From A Philosophy of Sport by Steven Connor (2011):
… The space of play is carefully patrolled, to the millimetre. For there can be no mind-space, no space between secular space and the space of play. Either the ball has wholly crossed the line, and it is a goal, or it has not, and play will continue from where it left off. If a lace from the cricket fielder’s boot is in contact with the boundary rope when he takes the lofted catch, it will be four runs; if not, the batsman is dismissed. If the ball is deemed to have clipped the line — betrayed by the puff of chalk or detected by the automatic sensor — there may be a new grand slam champion; if it misses, the player’s chance may have receded forever. In this sense at least, in its implacable abhorrence of the middle way, its intolerance of any tertium quid, there seems to be no room for play in the space of play.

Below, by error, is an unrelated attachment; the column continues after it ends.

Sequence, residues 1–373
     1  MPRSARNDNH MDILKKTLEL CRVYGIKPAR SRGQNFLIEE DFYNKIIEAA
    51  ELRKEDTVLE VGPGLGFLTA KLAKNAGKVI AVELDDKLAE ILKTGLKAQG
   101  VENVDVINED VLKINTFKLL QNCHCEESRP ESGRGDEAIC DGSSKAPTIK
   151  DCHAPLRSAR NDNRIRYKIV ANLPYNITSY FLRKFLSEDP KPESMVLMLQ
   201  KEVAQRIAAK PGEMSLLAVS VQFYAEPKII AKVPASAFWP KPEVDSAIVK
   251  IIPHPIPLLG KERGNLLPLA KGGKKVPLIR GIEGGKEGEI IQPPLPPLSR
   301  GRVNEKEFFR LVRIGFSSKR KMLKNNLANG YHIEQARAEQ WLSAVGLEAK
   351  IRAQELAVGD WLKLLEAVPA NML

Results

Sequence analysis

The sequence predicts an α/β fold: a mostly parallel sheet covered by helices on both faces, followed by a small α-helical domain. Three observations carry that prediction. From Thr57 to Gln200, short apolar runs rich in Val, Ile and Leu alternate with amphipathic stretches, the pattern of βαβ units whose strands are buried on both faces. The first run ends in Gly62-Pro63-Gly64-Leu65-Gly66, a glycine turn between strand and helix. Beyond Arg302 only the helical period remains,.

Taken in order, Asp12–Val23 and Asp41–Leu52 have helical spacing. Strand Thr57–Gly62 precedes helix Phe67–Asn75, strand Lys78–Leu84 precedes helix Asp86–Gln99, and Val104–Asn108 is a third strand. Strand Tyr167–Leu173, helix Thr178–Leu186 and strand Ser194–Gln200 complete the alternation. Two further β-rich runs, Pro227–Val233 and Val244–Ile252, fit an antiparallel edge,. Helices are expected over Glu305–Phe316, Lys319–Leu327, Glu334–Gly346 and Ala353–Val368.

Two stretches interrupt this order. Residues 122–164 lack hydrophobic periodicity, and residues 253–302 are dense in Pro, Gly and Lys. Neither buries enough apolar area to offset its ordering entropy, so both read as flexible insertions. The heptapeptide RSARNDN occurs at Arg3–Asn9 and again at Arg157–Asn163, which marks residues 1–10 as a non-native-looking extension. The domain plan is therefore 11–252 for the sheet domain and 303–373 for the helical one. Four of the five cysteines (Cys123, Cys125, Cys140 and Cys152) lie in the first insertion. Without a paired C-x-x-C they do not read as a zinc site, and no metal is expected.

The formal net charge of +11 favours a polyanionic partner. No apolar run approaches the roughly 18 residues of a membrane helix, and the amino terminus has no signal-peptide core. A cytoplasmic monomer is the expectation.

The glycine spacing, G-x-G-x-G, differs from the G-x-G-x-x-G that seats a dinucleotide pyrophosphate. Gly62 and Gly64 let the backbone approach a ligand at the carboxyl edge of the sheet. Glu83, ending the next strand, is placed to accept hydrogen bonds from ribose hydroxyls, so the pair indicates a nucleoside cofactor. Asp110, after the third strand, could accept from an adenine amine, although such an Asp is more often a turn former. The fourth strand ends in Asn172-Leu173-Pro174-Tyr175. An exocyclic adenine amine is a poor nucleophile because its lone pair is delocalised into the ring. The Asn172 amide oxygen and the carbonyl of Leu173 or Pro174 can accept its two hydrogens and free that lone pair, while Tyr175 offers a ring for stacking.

… The stadium effects the opening, the admission without access, to this arbitrary and absolute space of irrevocable arbitrations. In play: that is to say, in crisis.
Yet it is for precisely this reason that the crisis of play runs quietly and cleanly through the middle of it, that, in the space of play, space is neither given nor fixed. Instead, it is absolutely in play, which is to say, the subject of continuous contention.
… In thinking of the space of play, we will repeatedly have to cope with the following contortion. The space of play is set off, by an act of pure decision, by the simple decision to mark out a space in which to decide the matter. In this space of play, space is decidedly in play, in a way that it is not in spaces not so marked off.